Coaching for culture
The business world is replete with companies underestimating the cultural challenges of international expansion.
"The business world is replete with companies underestimating
the cultural challenges of international expansion."
Companies can cultivate global literacy by requiring such perspectives from new hires and instituting cultural fluency training for existing management. Beyond merely etiquette skills, it is imperative to coach for nuances in non-verbal communication and decision-making approaches, including team hierarchies, gender/age dynamics and cues of dissent or approval. Such training should be a two-way street with both regional and global headquarter teams given exposure to each other.
One approach is Citibank’s Global Engagement Management Program that rotates high potential managers across multiple continents and facilitates significant cultural immersion, often in consumer facing roles. Global cosmetics manufacturer Estee Lauder incentivizes managers to seek out global positions outside their home countries, often requiring international exposure for promotion eligibility.
Measuring the intangibles to optimize for scale
A global organization has to set in place validation mechanisms to test what is working well and correct for what is not. This means identifying tangible variables such as market share and revenue growth but also intangibles such as management cultural fit. Measuring the intangibles, while hard to do, can be a true competitive differentiator since a business can build scale on what works well.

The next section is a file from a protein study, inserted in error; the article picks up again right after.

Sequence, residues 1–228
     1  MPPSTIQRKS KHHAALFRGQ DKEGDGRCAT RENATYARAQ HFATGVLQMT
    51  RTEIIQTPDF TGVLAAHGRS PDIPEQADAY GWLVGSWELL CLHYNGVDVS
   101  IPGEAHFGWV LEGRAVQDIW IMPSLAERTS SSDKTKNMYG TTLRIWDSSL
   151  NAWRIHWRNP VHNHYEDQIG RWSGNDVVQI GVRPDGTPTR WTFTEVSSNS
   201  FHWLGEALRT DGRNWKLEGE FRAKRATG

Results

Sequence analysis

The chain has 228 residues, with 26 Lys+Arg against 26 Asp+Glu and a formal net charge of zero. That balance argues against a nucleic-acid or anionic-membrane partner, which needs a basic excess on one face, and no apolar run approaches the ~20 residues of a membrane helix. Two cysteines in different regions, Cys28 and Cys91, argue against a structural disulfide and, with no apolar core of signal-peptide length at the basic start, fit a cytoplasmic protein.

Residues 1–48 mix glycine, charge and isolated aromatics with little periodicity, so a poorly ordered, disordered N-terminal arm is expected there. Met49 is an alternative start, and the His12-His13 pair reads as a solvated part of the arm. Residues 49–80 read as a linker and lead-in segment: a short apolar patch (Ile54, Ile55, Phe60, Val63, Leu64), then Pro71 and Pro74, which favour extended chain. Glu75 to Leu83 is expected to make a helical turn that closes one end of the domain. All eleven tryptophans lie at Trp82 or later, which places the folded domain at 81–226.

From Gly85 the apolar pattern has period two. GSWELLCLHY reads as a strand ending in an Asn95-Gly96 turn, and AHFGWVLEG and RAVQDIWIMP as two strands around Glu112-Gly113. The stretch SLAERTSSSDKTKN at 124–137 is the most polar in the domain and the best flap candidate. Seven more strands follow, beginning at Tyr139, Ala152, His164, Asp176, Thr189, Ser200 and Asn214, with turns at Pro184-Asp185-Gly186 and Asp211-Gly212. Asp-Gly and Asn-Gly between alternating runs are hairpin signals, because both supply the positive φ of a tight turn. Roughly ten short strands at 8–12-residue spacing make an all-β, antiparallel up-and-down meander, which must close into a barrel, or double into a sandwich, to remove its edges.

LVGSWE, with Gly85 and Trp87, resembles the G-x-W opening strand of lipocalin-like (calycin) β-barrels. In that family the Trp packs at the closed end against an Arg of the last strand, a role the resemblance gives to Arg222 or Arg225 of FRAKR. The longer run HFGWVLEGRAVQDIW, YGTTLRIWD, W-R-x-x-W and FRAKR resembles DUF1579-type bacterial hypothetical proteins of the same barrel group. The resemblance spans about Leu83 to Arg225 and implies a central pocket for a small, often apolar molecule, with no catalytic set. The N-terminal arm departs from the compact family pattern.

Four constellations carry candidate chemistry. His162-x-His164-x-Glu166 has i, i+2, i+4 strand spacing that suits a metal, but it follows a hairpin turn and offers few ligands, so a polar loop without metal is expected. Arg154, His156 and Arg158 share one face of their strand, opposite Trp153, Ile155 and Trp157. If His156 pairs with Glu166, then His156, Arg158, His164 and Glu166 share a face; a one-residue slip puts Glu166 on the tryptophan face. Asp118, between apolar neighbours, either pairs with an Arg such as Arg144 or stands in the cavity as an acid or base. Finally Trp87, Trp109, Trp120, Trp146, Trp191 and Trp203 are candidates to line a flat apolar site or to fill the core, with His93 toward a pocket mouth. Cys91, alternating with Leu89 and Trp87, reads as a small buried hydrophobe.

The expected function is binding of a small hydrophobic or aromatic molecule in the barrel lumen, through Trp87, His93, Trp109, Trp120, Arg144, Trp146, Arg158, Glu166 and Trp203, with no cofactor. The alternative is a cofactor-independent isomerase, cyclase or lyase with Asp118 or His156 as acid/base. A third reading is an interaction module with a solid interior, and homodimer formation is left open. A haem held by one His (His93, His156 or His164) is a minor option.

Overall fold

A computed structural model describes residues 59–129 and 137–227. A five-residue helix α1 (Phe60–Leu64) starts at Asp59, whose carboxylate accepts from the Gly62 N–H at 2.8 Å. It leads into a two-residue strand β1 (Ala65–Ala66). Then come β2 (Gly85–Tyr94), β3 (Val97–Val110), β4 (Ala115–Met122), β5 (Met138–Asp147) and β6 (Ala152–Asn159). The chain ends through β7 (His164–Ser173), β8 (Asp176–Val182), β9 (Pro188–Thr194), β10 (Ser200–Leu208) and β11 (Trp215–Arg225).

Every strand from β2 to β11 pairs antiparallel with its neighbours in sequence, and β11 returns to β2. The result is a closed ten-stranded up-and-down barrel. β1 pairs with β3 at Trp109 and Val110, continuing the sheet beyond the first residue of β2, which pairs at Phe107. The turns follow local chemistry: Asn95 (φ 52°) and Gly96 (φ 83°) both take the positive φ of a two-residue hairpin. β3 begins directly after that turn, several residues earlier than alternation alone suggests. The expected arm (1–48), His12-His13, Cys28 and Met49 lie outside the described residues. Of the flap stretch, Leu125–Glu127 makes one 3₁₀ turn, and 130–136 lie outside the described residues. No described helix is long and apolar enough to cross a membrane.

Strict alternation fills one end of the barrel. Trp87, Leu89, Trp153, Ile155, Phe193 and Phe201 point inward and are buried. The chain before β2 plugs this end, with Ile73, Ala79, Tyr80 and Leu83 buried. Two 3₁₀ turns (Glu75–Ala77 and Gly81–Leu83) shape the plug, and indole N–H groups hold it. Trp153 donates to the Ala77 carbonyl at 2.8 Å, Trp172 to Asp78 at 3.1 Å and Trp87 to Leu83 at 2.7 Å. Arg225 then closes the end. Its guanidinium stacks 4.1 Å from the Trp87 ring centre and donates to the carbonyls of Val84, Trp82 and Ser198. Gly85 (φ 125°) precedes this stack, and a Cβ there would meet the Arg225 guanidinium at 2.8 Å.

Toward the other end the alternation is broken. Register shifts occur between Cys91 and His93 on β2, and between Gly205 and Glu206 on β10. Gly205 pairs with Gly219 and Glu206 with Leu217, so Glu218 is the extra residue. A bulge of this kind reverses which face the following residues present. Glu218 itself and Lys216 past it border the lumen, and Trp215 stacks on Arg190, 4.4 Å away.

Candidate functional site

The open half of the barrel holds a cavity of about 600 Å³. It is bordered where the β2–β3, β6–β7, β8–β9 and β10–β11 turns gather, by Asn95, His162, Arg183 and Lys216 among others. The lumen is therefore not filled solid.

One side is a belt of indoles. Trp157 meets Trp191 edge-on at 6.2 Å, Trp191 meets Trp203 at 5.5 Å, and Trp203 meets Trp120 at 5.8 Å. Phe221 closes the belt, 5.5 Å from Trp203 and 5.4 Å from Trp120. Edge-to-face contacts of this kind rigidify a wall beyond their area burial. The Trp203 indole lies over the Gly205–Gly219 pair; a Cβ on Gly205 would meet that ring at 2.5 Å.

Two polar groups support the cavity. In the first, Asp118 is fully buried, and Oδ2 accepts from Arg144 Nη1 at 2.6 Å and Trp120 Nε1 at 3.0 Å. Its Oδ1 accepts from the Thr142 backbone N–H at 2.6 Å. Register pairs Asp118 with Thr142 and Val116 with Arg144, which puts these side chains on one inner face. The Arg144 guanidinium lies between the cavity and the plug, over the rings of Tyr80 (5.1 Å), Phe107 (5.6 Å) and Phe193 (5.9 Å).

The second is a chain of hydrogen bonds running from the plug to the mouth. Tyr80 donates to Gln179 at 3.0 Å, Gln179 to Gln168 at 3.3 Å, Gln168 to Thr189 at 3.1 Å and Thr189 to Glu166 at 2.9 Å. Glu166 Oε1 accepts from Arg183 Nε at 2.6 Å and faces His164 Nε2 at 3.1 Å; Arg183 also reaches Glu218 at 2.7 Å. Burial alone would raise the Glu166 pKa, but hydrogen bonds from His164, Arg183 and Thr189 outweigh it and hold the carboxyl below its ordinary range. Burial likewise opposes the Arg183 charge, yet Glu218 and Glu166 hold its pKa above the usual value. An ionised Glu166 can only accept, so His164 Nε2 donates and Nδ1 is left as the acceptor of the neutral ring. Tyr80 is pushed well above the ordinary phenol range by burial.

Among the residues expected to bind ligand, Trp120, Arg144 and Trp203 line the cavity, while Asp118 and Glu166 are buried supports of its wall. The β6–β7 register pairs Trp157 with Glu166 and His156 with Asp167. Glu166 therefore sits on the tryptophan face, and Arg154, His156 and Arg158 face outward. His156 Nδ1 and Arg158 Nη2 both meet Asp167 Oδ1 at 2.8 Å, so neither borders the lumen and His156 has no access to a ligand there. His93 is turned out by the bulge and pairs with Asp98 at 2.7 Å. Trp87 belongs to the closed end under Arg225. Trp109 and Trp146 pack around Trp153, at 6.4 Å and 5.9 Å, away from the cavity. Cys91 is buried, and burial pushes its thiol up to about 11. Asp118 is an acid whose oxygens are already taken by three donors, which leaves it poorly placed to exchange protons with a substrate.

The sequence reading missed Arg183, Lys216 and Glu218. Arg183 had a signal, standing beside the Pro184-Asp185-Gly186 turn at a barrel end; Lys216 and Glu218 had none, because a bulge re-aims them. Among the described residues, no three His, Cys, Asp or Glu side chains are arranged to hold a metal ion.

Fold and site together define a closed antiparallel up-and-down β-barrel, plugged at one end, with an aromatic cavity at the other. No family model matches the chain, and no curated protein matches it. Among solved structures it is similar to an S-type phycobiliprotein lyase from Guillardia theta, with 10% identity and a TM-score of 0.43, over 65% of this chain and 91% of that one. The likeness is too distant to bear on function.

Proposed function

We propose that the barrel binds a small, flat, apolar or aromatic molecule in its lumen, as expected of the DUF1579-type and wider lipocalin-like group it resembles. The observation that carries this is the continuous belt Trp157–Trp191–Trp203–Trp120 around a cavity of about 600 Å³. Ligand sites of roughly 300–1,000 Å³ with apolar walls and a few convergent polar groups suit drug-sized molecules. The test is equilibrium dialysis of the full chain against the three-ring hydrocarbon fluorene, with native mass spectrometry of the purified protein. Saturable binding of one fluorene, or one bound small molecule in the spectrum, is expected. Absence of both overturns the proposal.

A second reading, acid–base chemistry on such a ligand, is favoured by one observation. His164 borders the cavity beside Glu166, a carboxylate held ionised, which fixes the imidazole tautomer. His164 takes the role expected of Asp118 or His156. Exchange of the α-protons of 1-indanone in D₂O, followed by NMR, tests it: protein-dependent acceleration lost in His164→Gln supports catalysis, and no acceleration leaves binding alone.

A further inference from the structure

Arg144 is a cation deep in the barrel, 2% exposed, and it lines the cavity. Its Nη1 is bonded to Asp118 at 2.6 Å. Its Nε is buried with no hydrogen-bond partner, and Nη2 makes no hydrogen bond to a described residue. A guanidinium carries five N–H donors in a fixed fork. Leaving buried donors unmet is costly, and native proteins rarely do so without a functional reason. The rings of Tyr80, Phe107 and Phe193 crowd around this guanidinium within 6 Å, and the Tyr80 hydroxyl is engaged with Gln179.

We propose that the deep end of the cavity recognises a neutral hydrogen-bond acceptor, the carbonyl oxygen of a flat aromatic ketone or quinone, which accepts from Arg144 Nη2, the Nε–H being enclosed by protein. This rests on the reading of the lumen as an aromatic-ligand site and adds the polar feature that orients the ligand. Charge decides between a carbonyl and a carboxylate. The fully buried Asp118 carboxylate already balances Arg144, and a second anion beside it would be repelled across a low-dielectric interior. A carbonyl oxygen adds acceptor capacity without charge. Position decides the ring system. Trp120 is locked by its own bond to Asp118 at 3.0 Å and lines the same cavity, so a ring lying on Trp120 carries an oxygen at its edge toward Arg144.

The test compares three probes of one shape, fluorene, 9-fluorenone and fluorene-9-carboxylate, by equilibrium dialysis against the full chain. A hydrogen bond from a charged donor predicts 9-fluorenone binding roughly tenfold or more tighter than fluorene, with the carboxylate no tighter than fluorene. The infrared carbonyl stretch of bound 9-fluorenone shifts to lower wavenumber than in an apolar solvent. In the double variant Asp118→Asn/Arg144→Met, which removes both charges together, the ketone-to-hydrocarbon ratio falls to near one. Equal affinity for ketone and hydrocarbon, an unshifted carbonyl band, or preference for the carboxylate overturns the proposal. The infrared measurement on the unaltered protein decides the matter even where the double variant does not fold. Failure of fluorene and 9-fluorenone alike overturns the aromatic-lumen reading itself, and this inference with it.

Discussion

"Measuring the intangibles, while hard to do,
can be a true competitive differentiator
since a business can build scale on what works well."
One approach currently in use in the food industry is to identify market clusters by intangible cultural variables and then quantify their impact on tangible variables like category growth. AB-InBev, the Belgium, US and Brazil based beer company, maker of iconic brands such as Budweiser, Corona, and Stella Artois, approaches its brand strategy based on cultural indicators such as gender sensitivity around the world. The cultural attributes of each market cluster help define tactics such as brand messaging, targeted consumer segments, occasions of consumption and even pricing. Needless to say, it is one of the most sophisticated global enterprises in the world.
As with all truly transformative efforts, creating a successful global organization requires management buy-in, dedication and disciplined follow through. However, once unlocked, the ability to seamlessly scale globally is a strong competitive advantage.
Hari Sripathi, is a strategy consultant for the consumer packaged goods and technology industries. His specialties are helping organizations grow profitably in emerging markets. Opinions are personal and not reflective of companies he works for. He can be reached at firstname.lastname@example.org